Cloud9 has secured 1st place in their play-in group through a close victory against the Brazillian team Kabum! Esports. Now all Cloud9 has to do is to face off against a second-place team randomly selected from another group and win in a best of 5 to secure their spot in the World group stages.
Although Cloud9 has secured their first place and is guaranteed to advance to phase 2 for the playoffs, 2 of their victories were far from clean. On Monday Cloud9 faced off against Japan’s Detonation FocusMe which they very narrowly won. Japan’s first place seed was all the way into Cloud9’s base before Cloud9 managed to pull off a miracle team fight victory which won them the game. Jensen has even commented
— lolesports (@lolesports) October 1, 2018
Earlier they faced off against Kabum! esports in order to secure the first place spot of their play-in group. However, this victory was also far from clean. Throughout the game, the kill score was in Cloud9’s favor but it was also Cloud9 who was continuously on the backfoot. Kabum! showed that they had a very good grasp on macro play and managed to out-rotate Cloud9 for the entire game. It was mostly through mistakes from Kabum! that Cloud9 managed to make a comeback in the game although C9 Licorice and Jensen were also playing very respectably.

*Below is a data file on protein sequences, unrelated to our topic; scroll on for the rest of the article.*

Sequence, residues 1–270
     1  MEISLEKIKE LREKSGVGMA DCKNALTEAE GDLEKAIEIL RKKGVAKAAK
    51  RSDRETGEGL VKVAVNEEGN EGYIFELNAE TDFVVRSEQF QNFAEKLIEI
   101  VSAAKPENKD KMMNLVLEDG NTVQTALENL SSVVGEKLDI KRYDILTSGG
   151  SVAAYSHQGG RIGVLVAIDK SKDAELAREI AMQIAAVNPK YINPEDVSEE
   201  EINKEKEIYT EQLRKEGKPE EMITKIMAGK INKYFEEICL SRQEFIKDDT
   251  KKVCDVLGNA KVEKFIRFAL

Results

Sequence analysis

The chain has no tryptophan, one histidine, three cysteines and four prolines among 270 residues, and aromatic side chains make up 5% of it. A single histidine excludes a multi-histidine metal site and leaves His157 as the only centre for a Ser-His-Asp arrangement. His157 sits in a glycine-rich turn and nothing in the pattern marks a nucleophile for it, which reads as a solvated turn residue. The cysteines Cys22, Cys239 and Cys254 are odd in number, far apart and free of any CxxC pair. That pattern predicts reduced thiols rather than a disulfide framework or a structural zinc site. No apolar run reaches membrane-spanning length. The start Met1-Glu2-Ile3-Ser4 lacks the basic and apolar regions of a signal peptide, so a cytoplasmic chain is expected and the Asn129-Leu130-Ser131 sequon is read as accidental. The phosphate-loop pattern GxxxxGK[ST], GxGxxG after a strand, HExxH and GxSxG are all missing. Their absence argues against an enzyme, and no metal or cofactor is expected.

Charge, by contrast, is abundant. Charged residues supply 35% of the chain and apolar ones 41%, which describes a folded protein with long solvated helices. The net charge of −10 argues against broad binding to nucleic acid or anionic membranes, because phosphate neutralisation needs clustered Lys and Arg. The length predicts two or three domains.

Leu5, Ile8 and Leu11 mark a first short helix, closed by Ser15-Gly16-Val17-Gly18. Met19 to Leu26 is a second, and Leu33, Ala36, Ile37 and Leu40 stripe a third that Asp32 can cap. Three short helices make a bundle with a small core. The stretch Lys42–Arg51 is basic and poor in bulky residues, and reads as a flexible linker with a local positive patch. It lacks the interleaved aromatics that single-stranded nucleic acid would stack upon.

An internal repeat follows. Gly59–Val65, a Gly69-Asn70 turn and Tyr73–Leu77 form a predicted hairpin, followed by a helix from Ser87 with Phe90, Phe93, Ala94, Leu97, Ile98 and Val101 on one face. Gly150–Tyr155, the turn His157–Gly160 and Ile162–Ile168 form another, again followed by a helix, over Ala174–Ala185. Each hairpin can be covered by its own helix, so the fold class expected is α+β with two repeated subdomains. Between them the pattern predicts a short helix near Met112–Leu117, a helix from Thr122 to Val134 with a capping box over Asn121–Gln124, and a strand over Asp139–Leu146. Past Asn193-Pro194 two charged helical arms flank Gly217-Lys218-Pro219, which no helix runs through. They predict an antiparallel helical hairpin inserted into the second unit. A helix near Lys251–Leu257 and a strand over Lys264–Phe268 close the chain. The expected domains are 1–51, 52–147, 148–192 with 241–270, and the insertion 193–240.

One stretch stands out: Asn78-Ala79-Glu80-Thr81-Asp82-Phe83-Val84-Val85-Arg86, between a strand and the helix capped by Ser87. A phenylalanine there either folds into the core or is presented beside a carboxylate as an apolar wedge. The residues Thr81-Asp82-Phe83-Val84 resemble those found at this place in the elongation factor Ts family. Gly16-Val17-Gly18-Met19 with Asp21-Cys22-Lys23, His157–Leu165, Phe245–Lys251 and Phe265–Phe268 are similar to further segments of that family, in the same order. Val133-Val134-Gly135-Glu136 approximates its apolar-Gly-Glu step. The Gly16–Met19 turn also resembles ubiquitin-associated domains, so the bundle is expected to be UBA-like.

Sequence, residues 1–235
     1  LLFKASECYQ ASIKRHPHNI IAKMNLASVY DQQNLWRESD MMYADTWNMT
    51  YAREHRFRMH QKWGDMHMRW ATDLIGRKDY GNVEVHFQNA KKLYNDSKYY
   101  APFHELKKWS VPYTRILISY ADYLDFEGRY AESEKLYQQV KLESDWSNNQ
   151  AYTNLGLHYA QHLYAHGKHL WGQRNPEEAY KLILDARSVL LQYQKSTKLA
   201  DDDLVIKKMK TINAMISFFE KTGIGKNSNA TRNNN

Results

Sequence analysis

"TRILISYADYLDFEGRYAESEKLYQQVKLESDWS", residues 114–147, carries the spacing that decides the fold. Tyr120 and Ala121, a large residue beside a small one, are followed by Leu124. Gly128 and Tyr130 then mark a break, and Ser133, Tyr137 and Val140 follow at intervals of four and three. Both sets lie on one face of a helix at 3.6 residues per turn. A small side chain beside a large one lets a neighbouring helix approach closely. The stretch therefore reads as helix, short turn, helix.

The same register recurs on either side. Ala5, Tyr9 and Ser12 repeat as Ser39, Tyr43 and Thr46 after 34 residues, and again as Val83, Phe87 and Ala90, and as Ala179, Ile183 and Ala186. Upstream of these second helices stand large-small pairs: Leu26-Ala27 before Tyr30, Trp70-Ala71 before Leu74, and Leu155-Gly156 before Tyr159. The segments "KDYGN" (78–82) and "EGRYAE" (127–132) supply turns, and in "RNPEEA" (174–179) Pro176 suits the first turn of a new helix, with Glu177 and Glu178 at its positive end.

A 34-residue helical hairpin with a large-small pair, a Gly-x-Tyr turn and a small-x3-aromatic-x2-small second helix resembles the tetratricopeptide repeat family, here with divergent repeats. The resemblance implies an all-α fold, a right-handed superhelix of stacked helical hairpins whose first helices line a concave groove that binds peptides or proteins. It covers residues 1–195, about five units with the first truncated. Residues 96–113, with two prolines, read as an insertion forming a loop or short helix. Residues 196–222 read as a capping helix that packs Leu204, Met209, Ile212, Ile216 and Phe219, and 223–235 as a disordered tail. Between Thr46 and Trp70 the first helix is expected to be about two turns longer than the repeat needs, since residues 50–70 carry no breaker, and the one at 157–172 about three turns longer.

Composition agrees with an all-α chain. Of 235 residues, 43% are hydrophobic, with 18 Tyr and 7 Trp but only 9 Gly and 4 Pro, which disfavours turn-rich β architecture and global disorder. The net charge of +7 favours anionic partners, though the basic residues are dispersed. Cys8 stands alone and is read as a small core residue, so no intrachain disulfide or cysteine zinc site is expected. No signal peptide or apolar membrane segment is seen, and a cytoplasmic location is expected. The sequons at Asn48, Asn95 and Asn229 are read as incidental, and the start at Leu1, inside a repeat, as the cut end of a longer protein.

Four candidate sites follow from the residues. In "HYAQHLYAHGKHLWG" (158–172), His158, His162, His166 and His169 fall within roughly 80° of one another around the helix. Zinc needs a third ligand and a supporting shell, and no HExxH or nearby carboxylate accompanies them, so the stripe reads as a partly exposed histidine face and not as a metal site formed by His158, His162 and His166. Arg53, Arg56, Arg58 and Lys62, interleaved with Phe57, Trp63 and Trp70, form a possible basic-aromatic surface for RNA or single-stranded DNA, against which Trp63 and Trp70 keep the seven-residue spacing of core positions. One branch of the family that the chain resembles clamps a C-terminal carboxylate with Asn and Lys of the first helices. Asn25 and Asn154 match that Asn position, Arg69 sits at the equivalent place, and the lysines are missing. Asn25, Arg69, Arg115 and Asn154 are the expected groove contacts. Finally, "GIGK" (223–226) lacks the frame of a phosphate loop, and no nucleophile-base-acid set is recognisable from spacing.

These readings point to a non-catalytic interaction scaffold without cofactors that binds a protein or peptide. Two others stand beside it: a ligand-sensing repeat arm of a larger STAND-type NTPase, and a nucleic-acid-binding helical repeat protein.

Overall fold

— lolesports (@lolesports) October 3, 2018
The biggest mistake that Kabum! made during the game was that Kabum!’s ADC Titan tried to go for a highlight reel play which quickly cost him his life. As soon as Cloud9 saw that Titan jumped in on Tristana the entire team focused on killing him. This brought Kabum! into a bad position where they lost their strongest source of damage and quickly cost them a team fight and a lot of momentum on the map. Another crucial moment was when Licorice and Jensen stopped Kabum! from doing the baron despite it being a 2v5. Although this was mostly due to Licorice and Jensen’s individual skill rather than through mistakes of Kabum!.
From C9’s shaky performance and G2’s upset defeat yesterday we clearly see that the Western leagues are not a cut above the ‘wildcard’ teams anymore. The ‘wildcard’ teams have even shown that they have a very clear and concise understanding of the meta and how to play the map. Previously they would sometimes score upsets through unrelenting aggression and deathball comps but now they even get ahead through map play and strategical rotations.